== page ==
Ronel Nel (36) discovered a new meaning of love, faith, dreams and friendship after conquering breast cancer.

I’m an ordinary Afrikaans woman – a wife and a mother, but I was hand-picked by God to overcome the biggest challenge in my life – breast cancer.

Being diagnosed, in April 2016,  with Stage 2 invasive ductal carcinoma (IDC) turned my world upside down! With three daughters, aged 17, 14  and 7 years old; a hubby who is a professional hunter; and all the doctors’ appointments and treatments, it was a huge challenge to get our lives on track. It was a first for my whole family as no one in our family ever had cancer before.

My oncologist and I decided on chemo sessions every 21 days, due to the fact that I had to travel over two hours, from Mokopane to Life Groenkloof Hospital, every time.

My treatment plan consisted of chemotherapy, a left mastectomy, and, if necessary, radiotherapy.

My first four sessions of chemo was the ‘Red Devil’; I experienced a complete new state – both physically and mentally. The tiredness was the worst side effect, and my poor appetite did not help at all, but luckily I did not get nauseous. A common side effect of the ‘Red Devil’ is losing your hair. Bearing this in mind, I made a game out of it – to make it easier for my youngest daughter’s sake – I challenged her to see who could pull out as much hair at a time…we laughed at one another and our handfuls of my hair. After all the excitement, I asked my mother to shave off my hair. I looked at myself in the mirror and said, “G.I. Jane, you can do it!” I lifted up my chin, smiled and said, “For this is God’s plan, not mine. I will carry it with dignity!”

My second round of chemo (four sessions of Taxol) started. I suffered with joint pain to the third degree; painkillers and my bed became my  new best friends. With inner strength, I reminded myself at each chemo session “after this one, there is one less to worry about.”

Photo by Shalane-Mare Wedding and Lifestyle Photography

I looked at myself in the mirror and said, ‘G.I. Jane, you can do it!’ I lifted up my chin, smiled and said, ‘For this is God’s plan, not mine. I will carry it with dignity!”

After completing chemotherapy, I underwent a mastectomy on my left breast. Everything went as planned, I had a tissue expander inserted to prepare my body for the permanent prosthesis, the draining was good, physiotherapy was on track and I slowly but surely became myself again…until I saw my surgeon two weeks later. The lymph node that was removed during the mastectomy was cancerous. He now had to perform a left axillary lymph node dissection (removing my underarm tissue with the rest of the lymph nodes for precaution of possible spreading). This hit me very hard! But with my friends and family by my side I got through it. My final reconstruction was done in April this year, where both breasts were worked on to create symmetry.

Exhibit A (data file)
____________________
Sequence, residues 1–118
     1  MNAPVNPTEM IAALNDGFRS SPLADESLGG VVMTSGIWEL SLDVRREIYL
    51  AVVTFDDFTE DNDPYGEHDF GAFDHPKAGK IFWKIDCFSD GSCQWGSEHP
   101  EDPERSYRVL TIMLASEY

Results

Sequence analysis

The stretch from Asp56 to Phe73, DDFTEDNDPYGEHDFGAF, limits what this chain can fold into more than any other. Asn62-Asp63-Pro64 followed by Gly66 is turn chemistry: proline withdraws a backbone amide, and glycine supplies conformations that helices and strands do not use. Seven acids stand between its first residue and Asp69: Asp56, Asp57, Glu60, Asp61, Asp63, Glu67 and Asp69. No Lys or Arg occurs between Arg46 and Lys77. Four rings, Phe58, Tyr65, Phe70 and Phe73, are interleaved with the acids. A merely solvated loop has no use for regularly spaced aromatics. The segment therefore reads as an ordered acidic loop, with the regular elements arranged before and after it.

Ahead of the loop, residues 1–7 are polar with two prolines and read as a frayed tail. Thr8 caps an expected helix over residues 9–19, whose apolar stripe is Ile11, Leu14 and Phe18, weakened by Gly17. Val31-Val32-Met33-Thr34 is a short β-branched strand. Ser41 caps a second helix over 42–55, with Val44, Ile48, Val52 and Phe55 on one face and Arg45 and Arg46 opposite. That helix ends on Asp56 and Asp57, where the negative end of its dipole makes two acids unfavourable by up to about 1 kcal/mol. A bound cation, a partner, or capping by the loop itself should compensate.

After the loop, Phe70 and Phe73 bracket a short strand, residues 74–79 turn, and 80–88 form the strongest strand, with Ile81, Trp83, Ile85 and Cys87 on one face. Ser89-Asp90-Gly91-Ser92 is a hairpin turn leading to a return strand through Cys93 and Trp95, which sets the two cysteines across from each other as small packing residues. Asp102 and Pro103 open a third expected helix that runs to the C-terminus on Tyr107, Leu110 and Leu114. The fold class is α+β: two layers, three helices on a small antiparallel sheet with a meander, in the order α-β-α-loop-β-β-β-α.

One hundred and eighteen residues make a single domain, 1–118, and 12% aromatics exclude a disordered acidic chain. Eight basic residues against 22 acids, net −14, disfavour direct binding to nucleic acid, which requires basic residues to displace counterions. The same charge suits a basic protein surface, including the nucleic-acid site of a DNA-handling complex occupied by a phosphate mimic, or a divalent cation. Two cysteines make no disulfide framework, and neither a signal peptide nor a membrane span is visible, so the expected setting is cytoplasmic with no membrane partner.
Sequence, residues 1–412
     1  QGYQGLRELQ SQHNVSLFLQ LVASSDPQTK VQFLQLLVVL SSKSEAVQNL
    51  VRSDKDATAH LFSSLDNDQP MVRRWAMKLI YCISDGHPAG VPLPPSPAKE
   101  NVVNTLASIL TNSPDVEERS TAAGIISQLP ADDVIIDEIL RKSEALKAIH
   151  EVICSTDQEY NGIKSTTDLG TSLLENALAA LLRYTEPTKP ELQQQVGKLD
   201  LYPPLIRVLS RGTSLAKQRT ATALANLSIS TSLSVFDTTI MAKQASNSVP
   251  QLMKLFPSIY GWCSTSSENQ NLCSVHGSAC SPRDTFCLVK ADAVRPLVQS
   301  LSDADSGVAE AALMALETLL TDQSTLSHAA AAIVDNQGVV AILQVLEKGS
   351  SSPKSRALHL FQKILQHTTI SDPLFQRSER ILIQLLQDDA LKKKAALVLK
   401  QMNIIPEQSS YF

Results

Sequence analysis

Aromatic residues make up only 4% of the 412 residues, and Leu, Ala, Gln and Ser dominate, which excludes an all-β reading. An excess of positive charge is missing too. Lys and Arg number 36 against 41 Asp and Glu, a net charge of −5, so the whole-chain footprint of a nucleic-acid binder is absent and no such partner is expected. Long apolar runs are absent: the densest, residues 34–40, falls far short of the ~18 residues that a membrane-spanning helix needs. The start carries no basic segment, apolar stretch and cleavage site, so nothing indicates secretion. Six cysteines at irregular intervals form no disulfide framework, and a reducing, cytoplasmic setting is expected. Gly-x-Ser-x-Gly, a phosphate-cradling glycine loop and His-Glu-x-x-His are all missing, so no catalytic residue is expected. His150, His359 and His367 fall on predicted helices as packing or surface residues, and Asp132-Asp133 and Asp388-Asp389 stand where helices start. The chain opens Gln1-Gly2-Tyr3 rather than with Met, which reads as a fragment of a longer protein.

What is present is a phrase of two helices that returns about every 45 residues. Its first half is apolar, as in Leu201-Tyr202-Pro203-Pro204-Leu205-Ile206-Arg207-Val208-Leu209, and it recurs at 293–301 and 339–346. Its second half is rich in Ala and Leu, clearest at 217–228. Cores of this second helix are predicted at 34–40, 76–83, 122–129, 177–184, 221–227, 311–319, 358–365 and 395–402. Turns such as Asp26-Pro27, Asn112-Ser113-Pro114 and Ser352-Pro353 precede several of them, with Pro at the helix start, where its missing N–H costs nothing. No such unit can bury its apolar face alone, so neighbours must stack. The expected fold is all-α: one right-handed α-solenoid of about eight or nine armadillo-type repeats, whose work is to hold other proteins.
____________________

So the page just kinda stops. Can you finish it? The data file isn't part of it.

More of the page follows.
I was privileged to be part of a campaign You are Enough!, showing women that no matter what, they are enough. This photo shoot made me realise that although I have changed on the outside, I am still enough to be a good mother, a loving wife, and feel beautiful as a woman!

As Afrikaans women, we rarely talk about breast cancer in general; we know about breast examinations and mammograms, but for some reason, the older generation did not talk about it at all. The ones who had it, kept it to themselves and fought the battle alone. It is for this exact reason that I made myself a promise: I will speak openly to my three daughters about breast cancer, I will speak to people who want to learn more about it, and I will tell other women what to look out for.

As a ‘new’ woman, mother and wife I learned:

From my husband – never give up on LOVE.

From my father – never give up on your FAITH.

From my brother – never give up on your DREAMS.

From my friends – never give up on FRIENDSHIP.

To each and every person reading this, show your loved ones how much you love them, keep your faith, be true to your friends, and never give up on your dreams!

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